Your emotional numbness, irritability, anger, bottling up of emotions, feeling on edge, inability to get out of bed, and so forth, are all suggestive of depression. You would need to be evaluated by a professional to determine if depression is an appropriate diagnosis. It’s important to know the truth.

Many teenagers, feel the way you do about asking for help. It can be especially difficult when you first have to convince your parents that there is something wrong. As you noted, your parents don’t seem to think there’s anything wrong. Maybe that is because they don’t know all of the facts. Have you shared this information with them? Perhaps the only symptom they see is you staying in bed for too long, leading them to falsely believe that you’re just a moody teenager who likes to sleep. Do they know that you feel emotionally numb? Do they know that it’s physically difficult for you to get out of bed? Did they know that you feel like you’re going to snap? In all likelihood, they have not been made aware of those symptoms and are making assumptions based on limited information.

The solution to this problem is, to be honest with your parents about what you’re feeling. They need to know the truth. If they knew the full truth, in all likelihood, they would be doing more to help. If you share this information with them and they’re still unwilling to help, then contact the school counselor or another trusted faculty member. They are trained to know what to do in these situations and can help you. Even if it’s the summer and school is out of session, there’s likely a way to get in touch with a school representative via the Internet.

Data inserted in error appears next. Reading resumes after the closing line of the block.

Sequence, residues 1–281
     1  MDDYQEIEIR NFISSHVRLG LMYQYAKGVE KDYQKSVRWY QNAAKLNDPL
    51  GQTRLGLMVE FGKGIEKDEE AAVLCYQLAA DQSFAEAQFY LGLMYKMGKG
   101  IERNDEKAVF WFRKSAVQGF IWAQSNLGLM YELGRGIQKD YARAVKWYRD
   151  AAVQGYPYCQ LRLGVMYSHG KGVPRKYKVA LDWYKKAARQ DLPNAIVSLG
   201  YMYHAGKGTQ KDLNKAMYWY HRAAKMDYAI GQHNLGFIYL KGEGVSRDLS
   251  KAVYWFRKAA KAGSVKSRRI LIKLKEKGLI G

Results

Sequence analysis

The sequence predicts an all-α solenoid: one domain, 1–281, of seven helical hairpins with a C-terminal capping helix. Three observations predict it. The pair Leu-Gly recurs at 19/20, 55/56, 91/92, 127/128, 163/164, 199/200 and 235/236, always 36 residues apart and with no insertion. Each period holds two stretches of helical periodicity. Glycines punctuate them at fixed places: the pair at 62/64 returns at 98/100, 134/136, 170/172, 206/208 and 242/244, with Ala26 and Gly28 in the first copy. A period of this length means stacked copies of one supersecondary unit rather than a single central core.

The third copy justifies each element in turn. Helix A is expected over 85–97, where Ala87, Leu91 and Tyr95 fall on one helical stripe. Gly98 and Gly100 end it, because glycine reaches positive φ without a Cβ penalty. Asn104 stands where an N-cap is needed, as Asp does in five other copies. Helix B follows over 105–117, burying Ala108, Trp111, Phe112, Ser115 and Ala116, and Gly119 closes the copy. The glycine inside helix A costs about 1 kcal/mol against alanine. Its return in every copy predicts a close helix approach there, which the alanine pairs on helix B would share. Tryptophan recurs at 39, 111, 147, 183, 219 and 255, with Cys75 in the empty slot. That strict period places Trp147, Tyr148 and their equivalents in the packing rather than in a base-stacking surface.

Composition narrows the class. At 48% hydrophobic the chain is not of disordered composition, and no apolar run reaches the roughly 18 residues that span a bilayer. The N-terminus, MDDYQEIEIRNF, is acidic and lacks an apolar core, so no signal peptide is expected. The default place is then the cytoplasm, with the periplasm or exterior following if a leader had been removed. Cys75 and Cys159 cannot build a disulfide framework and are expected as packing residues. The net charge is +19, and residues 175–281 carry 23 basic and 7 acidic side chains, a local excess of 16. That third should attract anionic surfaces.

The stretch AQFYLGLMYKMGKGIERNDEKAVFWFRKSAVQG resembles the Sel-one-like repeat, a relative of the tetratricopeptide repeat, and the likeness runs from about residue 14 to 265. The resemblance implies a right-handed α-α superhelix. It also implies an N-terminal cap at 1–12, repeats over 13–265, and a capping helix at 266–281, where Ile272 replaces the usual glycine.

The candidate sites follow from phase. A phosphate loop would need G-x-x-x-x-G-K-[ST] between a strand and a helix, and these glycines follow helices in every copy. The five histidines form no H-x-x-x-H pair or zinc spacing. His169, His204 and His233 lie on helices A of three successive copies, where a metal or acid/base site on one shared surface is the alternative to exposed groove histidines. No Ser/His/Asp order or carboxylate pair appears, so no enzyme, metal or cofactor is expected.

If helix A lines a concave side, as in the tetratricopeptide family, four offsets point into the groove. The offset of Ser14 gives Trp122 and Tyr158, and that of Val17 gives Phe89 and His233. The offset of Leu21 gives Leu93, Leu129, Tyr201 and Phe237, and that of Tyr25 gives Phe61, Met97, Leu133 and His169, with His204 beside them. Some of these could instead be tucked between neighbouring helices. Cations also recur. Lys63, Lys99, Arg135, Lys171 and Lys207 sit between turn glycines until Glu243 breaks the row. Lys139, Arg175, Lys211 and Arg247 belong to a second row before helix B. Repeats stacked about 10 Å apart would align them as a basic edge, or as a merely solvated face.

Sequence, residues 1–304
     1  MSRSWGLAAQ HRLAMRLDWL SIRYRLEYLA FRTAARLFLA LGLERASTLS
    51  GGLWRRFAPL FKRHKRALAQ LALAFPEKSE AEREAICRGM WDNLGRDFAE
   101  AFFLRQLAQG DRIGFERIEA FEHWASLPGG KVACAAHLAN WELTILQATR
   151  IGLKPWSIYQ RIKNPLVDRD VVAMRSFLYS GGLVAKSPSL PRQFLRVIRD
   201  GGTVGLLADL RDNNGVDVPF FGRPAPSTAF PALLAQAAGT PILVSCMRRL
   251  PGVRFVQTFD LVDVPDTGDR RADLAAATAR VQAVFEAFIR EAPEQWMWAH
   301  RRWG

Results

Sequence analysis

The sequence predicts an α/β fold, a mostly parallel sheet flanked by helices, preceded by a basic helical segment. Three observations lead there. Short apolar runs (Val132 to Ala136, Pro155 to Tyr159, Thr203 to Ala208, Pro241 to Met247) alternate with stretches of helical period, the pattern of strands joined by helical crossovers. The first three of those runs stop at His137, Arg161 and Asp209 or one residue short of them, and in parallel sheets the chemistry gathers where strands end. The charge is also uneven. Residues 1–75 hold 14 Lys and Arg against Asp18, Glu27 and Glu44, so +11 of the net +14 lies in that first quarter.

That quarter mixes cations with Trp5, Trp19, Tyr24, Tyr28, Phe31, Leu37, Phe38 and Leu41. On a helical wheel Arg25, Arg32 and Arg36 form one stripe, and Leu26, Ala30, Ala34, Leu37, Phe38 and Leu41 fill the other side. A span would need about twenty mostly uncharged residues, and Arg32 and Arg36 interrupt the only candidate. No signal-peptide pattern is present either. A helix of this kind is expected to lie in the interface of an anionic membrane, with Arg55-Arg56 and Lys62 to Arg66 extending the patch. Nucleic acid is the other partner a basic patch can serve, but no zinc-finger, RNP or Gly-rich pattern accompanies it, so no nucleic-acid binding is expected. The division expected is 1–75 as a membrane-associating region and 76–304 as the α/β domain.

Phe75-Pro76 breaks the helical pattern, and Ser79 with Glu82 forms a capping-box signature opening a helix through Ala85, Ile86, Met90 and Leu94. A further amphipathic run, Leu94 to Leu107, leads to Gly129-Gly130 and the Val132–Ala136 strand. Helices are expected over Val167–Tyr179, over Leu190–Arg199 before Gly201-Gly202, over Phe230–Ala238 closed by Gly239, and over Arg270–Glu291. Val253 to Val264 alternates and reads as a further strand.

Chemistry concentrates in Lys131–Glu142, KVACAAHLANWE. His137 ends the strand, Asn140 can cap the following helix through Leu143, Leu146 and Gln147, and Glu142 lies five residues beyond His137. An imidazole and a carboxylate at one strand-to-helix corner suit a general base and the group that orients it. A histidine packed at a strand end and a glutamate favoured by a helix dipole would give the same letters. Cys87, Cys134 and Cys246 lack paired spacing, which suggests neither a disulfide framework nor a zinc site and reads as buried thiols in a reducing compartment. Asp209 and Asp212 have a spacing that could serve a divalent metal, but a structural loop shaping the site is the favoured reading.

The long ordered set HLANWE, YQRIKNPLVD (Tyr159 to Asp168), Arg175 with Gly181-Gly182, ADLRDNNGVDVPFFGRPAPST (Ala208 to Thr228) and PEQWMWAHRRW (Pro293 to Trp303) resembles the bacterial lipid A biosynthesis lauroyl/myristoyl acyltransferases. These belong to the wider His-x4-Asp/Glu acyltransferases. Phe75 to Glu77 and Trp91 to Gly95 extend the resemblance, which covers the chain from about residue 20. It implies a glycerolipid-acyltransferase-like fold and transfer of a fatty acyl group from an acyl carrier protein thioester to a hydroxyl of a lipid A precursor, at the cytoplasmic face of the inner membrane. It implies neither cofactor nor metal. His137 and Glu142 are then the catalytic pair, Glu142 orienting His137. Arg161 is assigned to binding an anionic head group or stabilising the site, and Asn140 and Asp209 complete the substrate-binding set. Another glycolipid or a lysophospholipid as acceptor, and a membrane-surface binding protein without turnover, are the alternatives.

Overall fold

As for feeling frightened about seeking help, please understand that therapists are in the helping profession. It’s what they do. They know how to help people overcome the types of symptoms you are experiencing. They understand that initial sessions will be nerve-racking and are trained to help you feel comfortable about starting therapy. Give it a try and you will see there is nothing to be afraid of.

It’s especially important to ask for help given your belief that the “world would be better off” without you. That element of hopelessness, in your letter, provides insight into the depths of your suffering. The proper solution to this problem is to ask for help. Do it even if you’re frightened. Be brave because it is the right thing to do. I hope that you will give it a try. Good luck and please take care.

Dr. Kristina Randle

Mental Health Issues

Therapists live, online right now, from BetterHelp:

Kristina Randle, Ph.D., LCSW

Kristina Randle, Ph.D., LCSW is a licensed psychotherapist and Assistant Professor of Social Work and Forensics with extensive experience in the field of mental health. She works in private practice with adults, adolescents and families. Kristina has worked in a large array of settings including community mental health, college counseling and university research centers.

APA Reference
Randle, K. (2020). Mental Health Issues. Psych Central. Retrieved on November 24, 2020, from
Scientifically Reviewed
Last updated: 23 Jul 2020 (Originally: 25 Jul 2020)
Last reviewed: By a member of our scientific advisory board on 23 Jul 2020
Published on Psych All rights reserved.